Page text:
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supplement Dealscan data with information from loanconnector.com and the Edgar filings of the buyout firm. If the covenant data is missing we search the list of covenant-lite loans provided to us by S&P; if the loan is listed as covenant-lite we set the number of financial covenants to zero, otherwise we delete the loan from the analysis. The analysis is at the deal level and thus we use the number of financial covenants in the most covenant-heavy loan in a deal package. The LBO sample consists of 126 transactions with non-missing covenant information. The senior debt ratings of non-LBO firms are from Compustat and based on long-term S&P ratings at the end of the fiscal year prior to loan inception. Figure 4-2 presents our findings. Between 2002 and 2007, the average number of covenants in buyout loans drops sharply from 4.36 to 0.83. In the same period, the number of covenants in non-LBO loans decreases only slightly from 3.35 to 2.45. This evidence suggests that financial covenants became much less important for loans to buyout firms than for other firms. Thus, the decline in the importance of covenants in loans to LBO firms only partly reflects an overall trend in credit market conditions. In the next section, we explore potential explanations for the trends in covenant structures documented here. Table 4-3 provides further details about the covenant structure of buyout loans. For example, consistent with the evidence shown in Figure 4-2, there are no covenant-lite buyout loans (i.e. loans with no financial maintenance covenants) prior to 2004 while 59.3% of buyout firms have covenant-lite loans during the first eight months of 2007. 5 Also, the annual average debt to EBITDA covenant threshold and enables us to examine changes in covenant tightness. 6 5 Out of 22 buyout firms that have a covenant-lite term loan contract, 16 have at least one financial covenant in their revolving line of credit. In other words, the entire loan package (term loan and revolver) is covenant-lite in only six deals. 6 We focus particularly on this covenant because debt to EBITDA is the most commonly used financial covenant in LBO firm loan contracts. 29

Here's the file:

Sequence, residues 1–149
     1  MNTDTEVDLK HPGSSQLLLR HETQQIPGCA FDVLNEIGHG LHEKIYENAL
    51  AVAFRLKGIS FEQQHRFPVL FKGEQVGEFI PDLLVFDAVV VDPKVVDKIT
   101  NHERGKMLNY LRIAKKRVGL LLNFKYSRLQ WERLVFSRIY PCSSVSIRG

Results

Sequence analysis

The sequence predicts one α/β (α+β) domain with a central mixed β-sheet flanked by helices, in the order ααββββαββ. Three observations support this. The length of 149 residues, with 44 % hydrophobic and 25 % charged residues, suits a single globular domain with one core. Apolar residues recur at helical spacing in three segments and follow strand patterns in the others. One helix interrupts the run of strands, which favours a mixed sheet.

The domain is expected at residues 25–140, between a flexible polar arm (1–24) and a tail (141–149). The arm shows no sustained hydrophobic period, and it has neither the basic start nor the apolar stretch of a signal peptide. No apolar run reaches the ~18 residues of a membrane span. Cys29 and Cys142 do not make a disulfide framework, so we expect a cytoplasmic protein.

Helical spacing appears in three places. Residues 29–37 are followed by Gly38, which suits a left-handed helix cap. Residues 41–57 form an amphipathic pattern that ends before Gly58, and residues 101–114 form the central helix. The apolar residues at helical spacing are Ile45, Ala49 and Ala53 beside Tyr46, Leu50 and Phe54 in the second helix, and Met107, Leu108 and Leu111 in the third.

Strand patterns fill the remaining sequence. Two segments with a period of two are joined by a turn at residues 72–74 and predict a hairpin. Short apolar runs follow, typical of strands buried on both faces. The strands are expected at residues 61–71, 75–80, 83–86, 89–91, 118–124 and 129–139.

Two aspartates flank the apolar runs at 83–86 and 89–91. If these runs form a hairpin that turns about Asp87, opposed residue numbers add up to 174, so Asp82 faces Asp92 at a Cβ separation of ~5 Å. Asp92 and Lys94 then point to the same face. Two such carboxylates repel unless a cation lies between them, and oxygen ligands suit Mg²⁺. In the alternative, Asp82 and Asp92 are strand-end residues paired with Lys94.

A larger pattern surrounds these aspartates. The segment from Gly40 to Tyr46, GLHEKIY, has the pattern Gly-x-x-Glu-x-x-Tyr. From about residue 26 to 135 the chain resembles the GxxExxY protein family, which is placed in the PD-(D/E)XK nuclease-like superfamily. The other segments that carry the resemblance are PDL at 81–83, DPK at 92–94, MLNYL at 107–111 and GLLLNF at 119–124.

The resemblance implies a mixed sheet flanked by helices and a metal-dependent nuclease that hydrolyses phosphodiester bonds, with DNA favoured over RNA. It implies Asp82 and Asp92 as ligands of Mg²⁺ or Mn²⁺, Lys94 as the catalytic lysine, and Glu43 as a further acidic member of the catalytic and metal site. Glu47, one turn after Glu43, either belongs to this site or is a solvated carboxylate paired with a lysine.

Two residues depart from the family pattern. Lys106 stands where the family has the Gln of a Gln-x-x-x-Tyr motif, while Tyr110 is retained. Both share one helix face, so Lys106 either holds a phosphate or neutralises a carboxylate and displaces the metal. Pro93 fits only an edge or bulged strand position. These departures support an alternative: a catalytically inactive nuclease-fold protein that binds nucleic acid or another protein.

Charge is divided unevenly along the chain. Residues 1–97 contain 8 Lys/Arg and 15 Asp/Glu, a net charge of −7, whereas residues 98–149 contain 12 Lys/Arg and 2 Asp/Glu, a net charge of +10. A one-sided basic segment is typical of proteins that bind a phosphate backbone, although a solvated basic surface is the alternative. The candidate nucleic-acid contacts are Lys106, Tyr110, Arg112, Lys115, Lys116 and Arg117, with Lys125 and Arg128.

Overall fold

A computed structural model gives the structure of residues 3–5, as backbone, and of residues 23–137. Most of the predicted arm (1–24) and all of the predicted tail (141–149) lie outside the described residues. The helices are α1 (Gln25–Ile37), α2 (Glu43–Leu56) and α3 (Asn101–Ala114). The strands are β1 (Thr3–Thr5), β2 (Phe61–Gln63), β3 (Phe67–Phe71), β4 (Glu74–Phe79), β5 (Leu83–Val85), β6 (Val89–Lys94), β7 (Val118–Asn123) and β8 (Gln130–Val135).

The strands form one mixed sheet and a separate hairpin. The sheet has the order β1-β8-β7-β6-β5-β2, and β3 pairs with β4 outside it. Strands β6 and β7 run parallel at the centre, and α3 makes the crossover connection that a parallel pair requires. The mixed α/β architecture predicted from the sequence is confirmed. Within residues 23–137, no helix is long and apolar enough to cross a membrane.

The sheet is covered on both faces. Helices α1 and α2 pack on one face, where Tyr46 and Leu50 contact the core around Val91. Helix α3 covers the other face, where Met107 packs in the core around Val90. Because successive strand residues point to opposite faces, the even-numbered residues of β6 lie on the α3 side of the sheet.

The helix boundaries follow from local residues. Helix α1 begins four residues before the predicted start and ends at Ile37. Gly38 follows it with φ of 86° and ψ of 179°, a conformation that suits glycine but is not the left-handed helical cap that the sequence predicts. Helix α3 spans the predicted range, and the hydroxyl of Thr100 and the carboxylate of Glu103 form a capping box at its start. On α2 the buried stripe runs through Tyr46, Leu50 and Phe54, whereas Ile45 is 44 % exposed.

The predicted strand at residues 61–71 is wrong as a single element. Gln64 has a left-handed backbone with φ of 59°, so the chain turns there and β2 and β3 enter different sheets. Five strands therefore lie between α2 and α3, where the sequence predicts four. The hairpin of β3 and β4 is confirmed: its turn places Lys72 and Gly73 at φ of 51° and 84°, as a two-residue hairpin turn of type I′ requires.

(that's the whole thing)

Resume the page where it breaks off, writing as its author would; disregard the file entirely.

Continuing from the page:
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The average threshold trends upward. This indicates that the covenant is set relatively more loosely in more recent years. However, this is partly mechanical because more recent deals also have higher Debt/EBITDA. Table 4-3 also provides information about alternative measures of covenant tightness. For example, the table displays the annual average of covenant intensity, defined by Bradley and Roberts (2004) as the sum of six covenant indicators (collateral, dividend restriction, more than two financial covenants, asset sales sweep, equity issuance sweep, and debt issuance sweep). Covenant intensity significantly declines after 2003. The decline is primarily due to a decline in the use of dividend restrictions and financial covenants. Also, virtually all buyout loans are secured and 92.9% include at least one prepayment requirement (so called sweeps that mandate that a portion of the loan be repaid out of excess cash flows, debt and equity financings, or asset sales proceeds). Overall, the evidence suggests that the number and restrictiveness of financial covenants in loans used to finance LBOs substantially decreased in the post-2003 period. Finally, in recent years, the importance of deferred interest securities such as PIK toggles has increased. PIK toggles give the borrowers the option to pay interest "in kind" by simply adding it to the principal amount or by issuing new debt instruments having a principal amount equal to the interest, and thus provide relief at times of financial distress. Only five LBO firms issued PIK toggle debt during the eight years from 1997 to 2004 (not shown). During the 32 months after 2004, twice as many LBO firms issued such instruments. In 2007, 20% of buyout firms took out PIK toggle debt. Cross-Sectional Determinants of LBO Financing Structures In this section, we investigate the determinants of bank loan spreads, the number of financial loan covenants, bank loan maturity, and the amount of traditional bank debt and institutional loans relative to total LBO debt. In particular, we examine how loan structure is 30